Bidwell Lore – 1745 Expedition to Cape Breton

This article was written by Bidwell House Museum Board Member and Bidwell descendant Rick Wilcox and edited by Heather Kowalski.  Thank you, Rick!

The Rev. Adonijah Bidwell graduated from Yale College in 1740, and in 1741 taught school at Hartford and Hartford West Division (now West Hartford).  He was ordained 5 Oct. 1744, and in that same year, he served as Chaplain on the Connecticut Colony sloop, a Royal Navy Warship, for 20 weeks. In 1745 he served in the same capacity for 39 weeks and in 1747 he served 18 weeks, making altogether 77 weeks for which he received 272 pounds as pay and 39 pounds as plunder (as he called it) or prize money.  It was during his service in 1745 that he was a witness to the expedition to Cape Breton Island, now part of Nova Scotia, and the siege of Louisbourg.  While on this journey, Rev. Bidwell kept a journal. 

The above is a sloop of war and is similar to the type of ship Reverend Bidwell would have sailed on this expedition.

Before exploring Rev. Bidwell’s very interesting-first person perspective, the reader will need to have it placed in the larger historical narrative with a brief background about the Siege of Louisbourg. During the 17th and 18th centuries, the Americas were surrogate battlegrounds in the power struggles of the European powers: France, Spain, Portugal, Great Britain, Austria, and others.  Below is an excerpt from A Campaign of Amateurs, The Siege of Louisbourg, 1745, by Raymond F. Baker and originally published by Parks Canada Canadian Heritage in 1978, which provides context for this expedition:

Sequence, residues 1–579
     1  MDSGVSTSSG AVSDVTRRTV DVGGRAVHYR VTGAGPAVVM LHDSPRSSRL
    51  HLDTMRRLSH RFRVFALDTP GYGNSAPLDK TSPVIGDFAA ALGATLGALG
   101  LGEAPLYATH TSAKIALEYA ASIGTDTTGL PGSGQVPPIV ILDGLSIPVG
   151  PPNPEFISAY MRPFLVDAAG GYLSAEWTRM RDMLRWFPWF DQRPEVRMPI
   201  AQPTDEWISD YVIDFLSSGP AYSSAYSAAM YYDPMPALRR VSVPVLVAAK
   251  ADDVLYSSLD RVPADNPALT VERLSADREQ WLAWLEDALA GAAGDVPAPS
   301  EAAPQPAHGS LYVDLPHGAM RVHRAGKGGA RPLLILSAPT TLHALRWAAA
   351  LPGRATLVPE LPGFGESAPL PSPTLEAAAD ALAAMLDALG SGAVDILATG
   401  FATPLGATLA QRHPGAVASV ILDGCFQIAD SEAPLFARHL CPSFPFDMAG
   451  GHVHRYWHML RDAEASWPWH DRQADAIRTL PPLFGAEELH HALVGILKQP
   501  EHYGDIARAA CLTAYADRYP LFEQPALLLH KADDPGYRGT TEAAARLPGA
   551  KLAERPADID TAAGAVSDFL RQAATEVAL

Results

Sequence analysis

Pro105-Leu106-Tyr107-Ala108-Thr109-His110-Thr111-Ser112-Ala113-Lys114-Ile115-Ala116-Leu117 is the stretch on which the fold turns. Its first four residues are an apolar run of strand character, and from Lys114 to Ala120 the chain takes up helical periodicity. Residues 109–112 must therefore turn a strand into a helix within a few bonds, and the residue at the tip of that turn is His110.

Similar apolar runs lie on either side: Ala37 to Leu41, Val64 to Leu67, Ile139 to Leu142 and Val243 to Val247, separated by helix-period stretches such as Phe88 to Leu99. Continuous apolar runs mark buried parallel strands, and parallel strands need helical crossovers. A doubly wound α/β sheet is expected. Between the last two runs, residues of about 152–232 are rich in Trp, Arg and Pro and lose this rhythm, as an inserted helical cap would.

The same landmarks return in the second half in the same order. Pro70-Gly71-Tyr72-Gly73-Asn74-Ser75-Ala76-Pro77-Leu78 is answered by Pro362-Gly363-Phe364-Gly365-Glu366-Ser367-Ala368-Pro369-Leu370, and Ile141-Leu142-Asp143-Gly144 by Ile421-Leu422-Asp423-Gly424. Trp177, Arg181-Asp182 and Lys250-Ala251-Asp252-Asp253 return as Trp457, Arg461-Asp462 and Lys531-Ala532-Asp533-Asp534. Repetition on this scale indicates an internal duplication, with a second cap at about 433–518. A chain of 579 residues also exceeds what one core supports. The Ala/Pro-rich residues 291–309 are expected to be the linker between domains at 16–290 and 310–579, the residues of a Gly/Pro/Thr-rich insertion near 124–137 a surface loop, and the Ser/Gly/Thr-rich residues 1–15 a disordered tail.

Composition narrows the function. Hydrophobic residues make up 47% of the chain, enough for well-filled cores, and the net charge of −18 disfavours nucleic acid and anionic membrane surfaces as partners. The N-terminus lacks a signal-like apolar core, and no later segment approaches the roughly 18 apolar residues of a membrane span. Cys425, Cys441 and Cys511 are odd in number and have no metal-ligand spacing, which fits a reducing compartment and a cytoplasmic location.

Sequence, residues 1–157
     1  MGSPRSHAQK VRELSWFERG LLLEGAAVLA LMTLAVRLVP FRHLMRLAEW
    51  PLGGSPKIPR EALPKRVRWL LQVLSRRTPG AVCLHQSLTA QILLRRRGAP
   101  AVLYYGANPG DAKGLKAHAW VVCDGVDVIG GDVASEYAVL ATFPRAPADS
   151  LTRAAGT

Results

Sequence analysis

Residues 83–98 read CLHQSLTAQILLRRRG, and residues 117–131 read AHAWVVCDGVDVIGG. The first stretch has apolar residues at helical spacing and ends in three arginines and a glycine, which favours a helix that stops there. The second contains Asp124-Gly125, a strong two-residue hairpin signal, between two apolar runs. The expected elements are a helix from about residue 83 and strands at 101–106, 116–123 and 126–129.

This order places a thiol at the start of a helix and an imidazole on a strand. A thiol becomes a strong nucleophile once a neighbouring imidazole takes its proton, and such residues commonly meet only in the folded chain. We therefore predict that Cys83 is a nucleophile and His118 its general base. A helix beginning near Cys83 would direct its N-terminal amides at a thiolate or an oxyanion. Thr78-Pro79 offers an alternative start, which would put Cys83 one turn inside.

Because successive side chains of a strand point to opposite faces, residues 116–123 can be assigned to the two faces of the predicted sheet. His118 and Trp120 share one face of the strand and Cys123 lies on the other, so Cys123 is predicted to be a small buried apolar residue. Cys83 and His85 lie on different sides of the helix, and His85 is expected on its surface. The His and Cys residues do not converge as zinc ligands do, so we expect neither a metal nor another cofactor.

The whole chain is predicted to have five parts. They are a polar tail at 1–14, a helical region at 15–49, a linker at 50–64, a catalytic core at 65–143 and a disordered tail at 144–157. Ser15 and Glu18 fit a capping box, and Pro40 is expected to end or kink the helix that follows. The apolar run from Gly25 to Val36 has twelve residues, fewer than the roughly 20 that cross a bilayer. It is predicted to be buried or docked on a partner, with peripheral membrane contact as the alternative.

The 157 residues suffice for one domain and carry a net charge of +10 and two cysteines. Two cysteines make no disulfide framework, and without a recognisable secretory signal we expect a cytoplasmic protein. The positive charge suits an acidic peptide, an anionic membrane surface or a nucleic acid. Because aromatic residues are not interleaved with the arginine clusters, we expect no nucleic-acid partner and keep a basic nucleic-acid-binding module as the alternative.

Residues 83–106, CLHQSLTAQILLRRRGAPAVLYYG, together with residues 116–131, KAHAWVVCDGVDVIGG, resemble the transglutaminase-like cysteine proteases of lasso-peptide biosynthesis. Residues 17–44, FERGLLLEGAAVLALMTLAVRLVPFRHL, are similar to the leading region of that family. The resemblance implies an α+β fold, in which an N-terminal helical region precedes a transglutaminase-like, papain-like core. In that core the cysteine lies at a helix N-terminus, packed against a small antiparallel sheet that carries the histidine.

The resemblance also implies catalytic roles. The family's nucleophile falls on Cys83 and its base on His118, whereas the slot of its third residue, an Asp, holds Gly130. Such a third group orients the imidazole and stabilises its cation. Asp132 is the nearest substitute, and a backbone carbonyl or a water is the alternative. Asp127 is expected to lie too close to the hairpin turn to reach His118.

The fall of the Fortress of Louisbourg in 1745 was the culmination of events that began with another surrender 32 years before, in 1713, when France signed the Treaty of Utrecht ending Queen Anne’s War. By the terms of that treaty, France lost most of her North American empire. Acadia (comprising the present provinces of Nova Scotia and New Brunswick and much of the state of Maine), the vast Hudson’s Bay trading area and Newfoundland passed into English hands, leaving the rest of New France (Canada) virtually isolated and vulnerable to attack from the New England colonies. Louis XIV tried to retain Acadia and thus provide a buffer of sorts, but the best he could secure was Cape Breton, a rocky island off the coast of Nova Scotia.

This was not much of a gain, but it did give France a toe-hold on the Atlantic frontier; and the island’s strategic position at the mouth of the St. Lawrence River, “the natural highway into the heart of Canada,” would, if defended by a large enough fleet, allow the French to maintain that vital lifeline to the interior. To ensure control of the St. Lawrence and to protect her North American commerce and commercial fisheries, France spent the next 30 years and ten million dollars building the fortified naval station of Louisbourg at Havre à l’Anglais on Cape Breton’s southeast coast. The fortifications were begun in 1719, based upon the principles of defense developed by the renowned French military engineer, Sebastien Le Prestre de Vauban. They eventually enclosed a town area of some 57 acres with 30-foot-high masonry walls and a series of bastions …On the morning of 11 May 1745 a … naval squadron escorted some 90 transport vessels into Gabarus Bay on Cape Breton Island. Nine regiments of hastily raised citizen soldiers from the colonies of Massachusetts, New Hampshire, and Connecticut had come to conquer the French fortified town of Louisbourg. In 47 days they were to do just that, shattering the myth of invincibility that had begun to surround the ‘great fortress.’